Wait, what about wines we had??

We had a ton of barrel tastings. We had wine that had been aged in French Oak, European Oak, had undergone malolactic fermentation, hadn’t, grapes from this village, that village….tons of tastings. It got to the point that we actually hoped that we weren’t going to have another barrel tasting. I know, the HORROR of being taken by a winemaker to their cellar to taste their wines! While there could be much worse fates, we decided we prefer completely ready wine instead of “on-its-way-to-being-ready-wine”. All that being said, we learned a lot from the winemakers and their barrel tastings. We started off with a visit to Domaine Debray in Beaune - Michel was awesome. The wines were good and very reasonably priced. We got some information about their exporter to the US.

We went to Alex Gambal - an American who decided to move to France. It was ok. Unless you're dying for a clear English explanation of the process, I'd say skip it. Probably what turned us off the most is that I specifically said we came here to taste wines we couldn't get in the US. After the barrel tasting, he serves us 2 wines that he knows are distributed in Missouri. That's it. Nothing else, nothing special, just 2 low end wines we can get at home. Thanks.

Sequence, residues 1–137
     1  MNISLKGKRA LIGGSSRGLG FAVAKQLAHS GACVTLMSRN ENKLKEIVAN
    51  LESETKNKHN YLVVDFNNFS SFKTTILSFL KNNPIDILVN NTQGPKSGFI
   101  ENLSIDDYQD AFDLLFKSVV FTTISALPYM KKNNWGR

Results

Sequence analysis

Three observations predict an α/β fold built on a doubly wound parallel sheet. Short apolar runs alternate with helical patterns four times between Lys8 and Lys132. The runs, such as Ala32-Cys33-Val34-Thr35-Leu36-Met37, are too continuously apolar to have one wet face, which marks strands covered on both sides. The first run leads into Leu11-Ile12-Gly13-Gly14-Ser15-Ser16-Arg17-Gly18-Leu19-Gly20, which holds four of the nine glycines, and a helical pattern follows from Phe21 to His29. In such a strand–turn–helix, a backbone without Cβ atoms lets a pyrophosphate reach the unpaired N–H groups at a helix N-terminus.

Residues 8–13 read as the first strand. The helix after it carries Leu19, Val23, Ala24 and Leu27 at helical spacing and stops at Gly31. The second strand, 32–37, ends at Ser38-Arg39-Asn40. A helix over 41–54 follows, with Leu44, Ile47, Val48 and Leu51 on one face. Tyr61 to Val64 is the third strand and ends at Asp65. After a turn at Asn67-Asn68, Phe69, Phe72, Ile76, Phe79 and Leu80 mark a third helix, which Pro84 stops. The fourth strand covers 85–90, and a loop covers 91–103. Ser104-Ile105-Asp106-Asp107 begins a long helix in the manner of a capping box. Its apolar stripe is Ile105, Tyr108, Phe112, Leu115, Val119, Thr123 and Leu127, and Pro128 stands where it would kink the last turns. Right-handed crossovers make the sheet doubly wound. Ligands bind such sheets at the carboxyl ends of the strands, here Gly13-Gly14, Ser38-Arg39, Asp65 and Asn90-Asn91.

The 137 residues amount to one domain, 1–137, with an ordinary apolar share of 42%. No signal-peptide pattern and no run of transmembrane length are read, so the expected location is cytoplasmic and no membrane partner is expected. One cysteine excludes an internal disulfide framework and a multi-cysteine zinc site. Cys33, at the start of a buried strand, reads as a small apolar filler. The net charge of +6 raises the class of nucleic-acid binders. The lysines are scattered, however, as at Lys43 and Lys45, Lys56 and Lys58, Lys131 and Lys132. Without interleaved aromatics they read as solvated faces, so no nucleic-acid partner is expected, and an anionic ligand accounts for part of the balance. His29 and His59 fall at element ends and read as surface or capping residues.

On my birthday we went to Domaine Durouche...he was funny. Barrel tasting, not too much else (we got to pick one wine to taste) but it was fun and he gave me a bottle for my birthday. I do love presents. ;)

We had lunch at Domaine Drouhin Laroze. No barrel tastings, not really a tour, but they have a lovely enclosed patio overlooking a small vineyard and they serve lunch to a small select group of people per appointment (there was one other table) I don't really know what the food was, but one was a quiche with walnuts. Hmm. Walnuts just don't get a lot of action in the cooking department so I was thrown off. It was...different. Ok, but different.